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Johnette Napolitano: Her Life Back When She Was In Hollywood, With Famous Band, Concrete Blonde

Johnette Napolitano: Her Life Back When She Was In Hollywood, With Famous Band, Concrete Blonde
We went back to the beginning of badass female led rock bands, before most of us were familiar with No doubt, and The Pretty Reckless. It led us to a conversation with 1980's Hollywood Female lead and vocalist, Johnette Napolitano,  of Concrete Blonde. She helped pave the way for many other female artists, that we’re sure of. If you have never listened to Johnette or heard of Concrete blonde, then you should get schooled with the band, especially if you're anyone in appreciation of good alternative rock. Their music is available to stream everywhere, including Youtube. 
How did Concrete blonde form? What role did you play in the formation?
Jim Mankey and I met working for Leon Russell back in 1980, I think. Everybody was a musician, 
so everybody hung out in the studio all hours, and somebody was always recording. There were 3 studios.
We just sounded good together, were studios rats and it just sort of fell together
 
What are some female bands that really inspired you and how?
Fleetwood Mac, definitely, they were a very, very big deal. Christine McVie, even before Steve Nicks joined the band was one of my favorite women players, and wrote beautiful stuff in the earlier version of FM. 
 
What was the first record you ever owned?
Well, I was way into my parent’s records first. Johnny Cash, Gershwin, Marty Robbins, and of course serious rat pack soundtracks: Dean Martin, Sinatra. Soundtracks. The Alamo, Carousel. Big huge massive wood furniture stereo hi-fi vinyl. 
 
How did your parents feel about your music at the time?
They immediately spotted something in me when I was little, and would pick out melodies by ear on the piano. My Dad bought me a guitar for my 11th or 12th birthday, I think. Maybe even my 10th. 
What made you stand out as a female artist at the time? 
That I sing like a motherfucker.
 
Have you ever felt the pressure of expressing ideas or styles of music in the industry that you did not hold true to yourself?
Well there was a major label that wanted us, but wanted us to cover a song, and I didn’t want to do it. If it turned out to be a big hit, it wasn’t our song, and we were mainly writers and didn’t dig that, so they ended up passing on us because they just didn’t know what to do with us. 
 
 What did fame look like then and how does fame look like now in your observations? 
Physically difficult. Emotionally difficult. Had I a more normal sort of childhood, had been more secure as a person in the first place, I may have been more comfortable with the whole thing.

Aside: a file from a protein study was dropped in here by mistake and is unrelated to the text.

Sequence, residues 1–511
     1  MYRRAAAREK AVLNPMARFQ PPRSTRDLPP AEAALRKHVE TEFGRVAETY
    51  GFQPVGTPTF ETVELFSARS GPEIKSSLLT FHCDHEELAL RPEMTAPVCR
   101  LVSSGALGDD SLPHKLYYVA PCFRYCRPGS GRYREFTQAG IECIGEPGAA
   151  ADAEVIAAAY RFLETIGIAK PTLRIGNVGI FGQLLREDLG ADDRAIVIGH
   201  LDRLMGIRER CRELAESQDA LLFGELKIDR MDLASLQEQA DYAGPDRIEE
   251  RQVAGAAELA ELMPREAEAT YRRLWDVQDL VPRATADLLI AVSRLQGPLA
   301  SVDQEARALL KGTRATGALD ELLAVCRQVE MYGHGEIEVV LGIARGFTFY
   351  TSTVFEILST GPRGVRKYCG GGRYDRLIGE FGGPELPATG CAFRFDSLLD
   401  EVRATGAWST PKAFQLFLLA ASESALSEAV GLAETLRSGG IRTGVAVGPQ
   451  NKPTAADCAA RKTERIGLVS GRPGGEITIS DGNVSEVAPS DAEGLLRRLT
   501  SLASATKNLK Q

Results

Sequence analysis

In the genre of rock, how has the music shifted from then to now?
I don’t think rock changes much at all, bands grow up listening to bands and theres another band and they’re influenced by the band who was influenced by a band. It’s all guitar, bass, and drums at the end of the day, and no one’s reinventing the wheel here. 
 
Whats the difference between breaking out as a female musician vs breaking out as a male musician in your opinion?
That would have changed depending on era, genre, etc., so that’s a tough one to answer. 
 
As you know musicians are trend setters for all kinds of stylistic pieces - What are some of your favorite current pieces in your closet and why? Are any of them vintage?
Oooooh, now you’re talking! I’ve been in vintage since high school, 40’s jackets, armadillo purses with those crazy red rhinestone eyes. Yes, I’m just cutting down a vintage wedding gown into a skirt as I’ve used it twice in videos now and the lace is pretty gone. I have a fantastic 70’s coat I got at the local swap meet for $10, my friend who is a much better seamstress than me took out the bulky 70’s lining and replaced it with a nice satin. Chongsams. When we played China, I bought silk. Vintage was cheap in the old days, the stuff I like, rayon dresses, vintage sweaters with the pearls and rhinestones on them. Someone stole a sweater off the stage in the early days and apparently felt guilty because years later
I got it, and my painstakingly studded beret, back in the mail.
 
How did you choose to expresses your self - how would you describe your style and demeanor when performing on stage?
I can’t really say. I ‘channel’ a lot of the stuff, I go back and read some of the old songs and just say, ‘who WAS that?’ No idea. A great show I usually don’t remember, it truly is an out-of-body experience. 
 
Do you often see your self being nostalgic? Why or why not? 
Oh God no. These are incredible times. Technology blows me away. I can do anything. In 10 minutes I can track a guitar part and run it through 4 or 5 amp sounds, it’s just awesome
Tell us a little about your last performance- What was it like?
The Triple Door, Seattle. I’d just found out my brother had been killed a couple days before and I was just - well, it was a blessing to have the gig. They're great there, and it always sounds great, and I’ve studied Flamenco for many years here and in Spain and I had local Flamencos opening for me and it was really, really, beautiful. Peaceful. I like to work on the stage with the lights before doors, and
I had a beautiful shooting star sky, like here at home in the desert. It was great. Read a bit from my
upcoming Rough Mix #2 book. People were great. 

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